Probably this was the first bridging point of the Ljubljanica in the city,
certainly bridges have stood at this point since at least the 13th century.
These bridges, for which tolls were charged for the transport of freight, linked
the older parts of the town - the Town and Old Squares on the right bank - with
the New Square (Novi Trg) on the left (western) bank of the Ljubljanica.
Originally occupied by butchers, it became known as the ÒButchers« BridgeÓ
(Mesarski Most) - a name used to describe it until the beginning of the 17th
century when it was rebuilt and flanked by two dozen or so tradesmen«s booths.
Many of these small new premises became occupied by cobblers and shoemakers,
thus the adoption of a new name - the ÒCobblers« BridgeÓ, (Šuštarski Most). A
new iron bridge, forged in prefabricated sections at the Auersperg iron foundry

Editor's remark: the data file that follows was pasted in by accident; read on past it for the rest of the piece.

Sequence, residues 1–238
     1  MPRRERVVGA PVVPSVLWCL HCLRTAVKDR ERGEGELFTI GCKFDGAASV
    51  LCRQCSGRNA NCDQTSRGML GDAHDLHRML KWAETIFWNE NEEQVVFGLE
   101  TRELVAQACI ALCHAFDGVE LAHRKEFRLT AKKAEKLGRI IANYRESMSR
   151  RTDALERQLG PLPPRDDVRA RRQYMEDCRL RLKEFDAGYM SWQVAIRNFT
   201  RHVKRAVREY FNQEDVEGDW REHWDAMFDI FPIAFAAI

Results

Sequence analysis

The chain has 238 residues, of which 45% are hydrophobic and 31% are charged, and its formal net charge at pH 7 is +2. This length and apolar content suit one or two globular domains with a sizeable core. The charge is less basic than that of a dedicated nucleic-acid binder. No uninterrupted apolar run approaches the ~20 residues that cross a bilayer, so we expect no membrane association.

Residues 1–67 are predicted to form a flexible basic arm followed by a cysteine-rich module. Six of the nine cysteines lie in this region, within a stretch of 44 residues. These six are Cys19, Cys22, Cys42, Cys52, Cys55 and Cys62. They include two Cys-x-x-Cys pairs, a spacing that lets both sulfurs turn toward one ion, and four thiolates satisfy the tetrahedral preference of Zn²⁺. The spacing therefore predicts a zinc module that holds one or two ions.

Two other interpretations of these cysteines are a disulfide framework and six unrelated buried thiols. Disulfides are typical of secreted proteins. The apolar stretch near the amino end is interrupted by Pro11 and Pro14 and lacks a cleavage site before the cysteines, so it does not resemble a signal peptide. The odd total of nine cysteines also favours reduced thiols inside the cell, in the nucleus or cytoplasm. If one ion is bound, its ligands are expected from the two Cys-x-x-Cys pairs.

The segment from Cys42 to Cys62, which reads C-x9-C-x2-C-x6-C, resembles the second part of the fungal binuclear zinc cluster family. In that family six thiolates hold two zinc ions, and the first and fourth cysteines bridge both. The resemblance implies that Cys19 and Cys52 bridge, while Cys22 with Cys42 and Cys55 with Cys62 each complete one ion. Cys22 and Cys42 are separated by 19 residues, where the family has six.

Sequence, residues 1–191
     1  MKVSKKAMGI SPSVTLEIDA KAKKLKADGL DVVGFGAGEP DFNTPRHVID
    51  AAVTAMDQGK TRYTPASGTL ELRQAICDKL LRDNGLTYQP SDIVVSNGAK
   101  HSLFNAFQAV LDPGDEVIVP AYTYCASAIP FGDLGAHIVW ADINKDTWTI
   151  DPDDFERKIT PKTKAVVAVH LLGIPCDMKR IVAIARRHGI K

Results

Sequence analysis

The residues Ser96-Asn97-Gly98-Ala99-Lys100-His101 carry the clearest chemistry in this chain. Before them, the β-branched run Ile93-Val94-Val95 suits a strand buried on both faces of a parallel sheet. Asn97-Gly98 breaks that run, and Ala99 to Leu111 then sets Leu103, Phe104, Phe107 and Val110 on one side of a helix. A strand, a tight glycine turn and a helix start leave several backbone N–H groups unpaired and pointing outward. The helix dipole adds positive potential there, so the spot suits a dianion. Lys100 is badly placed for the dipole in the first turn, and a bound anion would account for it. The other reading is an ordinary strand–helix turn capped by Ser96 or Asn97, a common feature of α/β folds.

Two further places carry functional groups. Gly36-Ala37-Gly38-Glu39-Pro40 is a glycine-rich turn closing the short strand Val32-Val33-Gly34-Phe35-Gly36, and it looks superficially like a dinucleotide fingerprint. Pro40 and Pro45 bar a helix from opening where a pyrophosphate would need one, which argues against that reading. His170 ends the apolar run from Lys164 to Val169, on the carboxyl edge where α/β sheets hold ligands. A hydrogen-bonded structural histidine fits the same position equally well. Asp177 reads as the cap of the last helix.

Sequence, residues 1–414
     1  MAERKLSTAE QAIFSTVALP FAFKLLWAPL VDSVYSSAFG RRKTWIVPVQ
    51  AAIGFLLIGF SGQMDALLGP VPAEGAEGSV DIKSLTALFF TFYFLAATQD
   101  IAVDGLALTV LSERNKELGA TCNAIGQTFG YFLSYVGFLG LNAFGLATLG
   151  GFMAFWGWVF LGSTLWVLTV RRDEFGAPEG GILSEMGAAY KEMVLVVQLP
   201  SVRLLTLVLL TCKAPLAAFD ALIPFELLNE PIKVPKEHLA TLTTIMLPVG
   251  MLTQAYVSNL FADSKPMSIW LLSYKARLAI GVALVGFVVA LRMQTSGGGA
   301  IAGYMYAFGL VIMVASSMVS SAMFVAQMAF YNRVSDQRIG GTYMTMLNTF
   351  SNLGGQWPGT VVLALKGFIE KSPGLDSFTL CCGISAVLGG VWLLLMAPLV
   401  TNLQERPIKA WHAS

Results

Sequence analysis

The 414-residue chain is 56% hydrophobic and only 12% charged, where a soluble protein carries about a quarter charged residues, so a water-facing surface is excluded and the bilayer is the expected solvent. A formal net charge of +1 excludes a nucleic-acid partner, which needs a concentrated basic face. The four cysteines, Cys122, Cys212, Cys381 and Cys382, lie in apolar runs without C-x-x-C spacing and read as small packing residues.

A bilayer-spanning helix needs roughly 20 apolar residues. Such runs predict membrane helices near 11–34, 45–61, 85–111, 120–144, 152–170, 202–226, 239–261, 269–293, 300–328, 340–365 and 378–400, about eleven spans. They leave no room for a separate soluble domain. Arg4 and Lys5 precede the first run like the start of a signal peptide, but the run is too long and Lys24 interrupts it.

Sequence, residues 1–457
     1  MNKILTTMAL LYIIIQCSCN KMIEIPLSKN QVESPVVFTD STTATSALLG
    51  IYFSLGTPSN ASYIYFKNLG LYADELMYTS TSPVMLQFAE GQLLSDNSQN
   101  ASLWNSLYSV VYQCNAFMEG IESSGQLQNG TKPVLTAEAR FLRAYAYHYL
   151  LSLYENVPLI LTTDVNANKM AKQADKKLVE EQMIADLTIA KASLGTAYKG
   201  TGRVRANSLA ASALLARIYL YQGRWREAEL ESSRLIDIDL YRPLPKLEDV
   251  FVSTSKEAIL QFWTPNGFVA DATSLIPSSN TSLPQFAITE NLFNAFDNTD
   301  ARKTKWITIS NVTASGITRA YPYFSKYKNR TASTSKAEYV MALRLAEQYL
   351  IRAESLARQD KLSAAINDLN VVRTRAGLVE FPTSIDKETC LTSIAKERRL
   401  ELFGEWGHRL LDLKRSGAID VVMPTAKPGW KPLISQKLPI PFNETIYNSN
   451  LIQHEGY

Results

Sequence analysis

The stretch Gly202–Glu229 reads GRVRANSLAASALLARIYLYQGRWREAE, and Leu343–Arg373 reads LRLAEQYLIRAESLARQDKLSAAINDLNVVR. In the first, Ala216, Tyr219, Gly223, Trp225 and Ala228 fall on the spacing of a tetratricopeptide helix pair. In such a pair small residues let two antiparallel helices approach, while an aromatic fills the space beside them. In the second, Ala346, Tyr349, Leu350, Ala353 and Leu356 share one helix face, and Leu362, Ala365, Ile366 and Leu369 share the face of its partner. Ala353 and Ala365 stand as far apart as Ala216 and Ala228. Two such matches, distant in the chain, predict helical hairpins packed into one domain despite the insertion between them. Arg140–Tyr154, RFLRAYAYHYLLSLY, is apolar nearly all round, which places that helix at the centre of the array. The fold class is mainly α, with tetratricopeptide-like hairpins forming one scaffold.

at Dvor in Lower Carniola (Dolenjska), was erected in 1867. It is this bridge
that the pedestrians on the postcard are crossing and was officially named after
former mayor of Ljubljana Janez Nepomuk Hradecky (1775- 1846). The current
bridge, the venue of various cultural performances during summer, was designed
by Jože Plečnik and erected in 1932. It is known as the ÒShoemakers« BridgeÓ
(Čevljarski Most) - a name more in keeping with a more modern age and somewhat
more polite society, even though the shoemakers have long gone. The old iron
bridge, meanwhile, was moved to a position further downstream, where it
continues to serve its original function.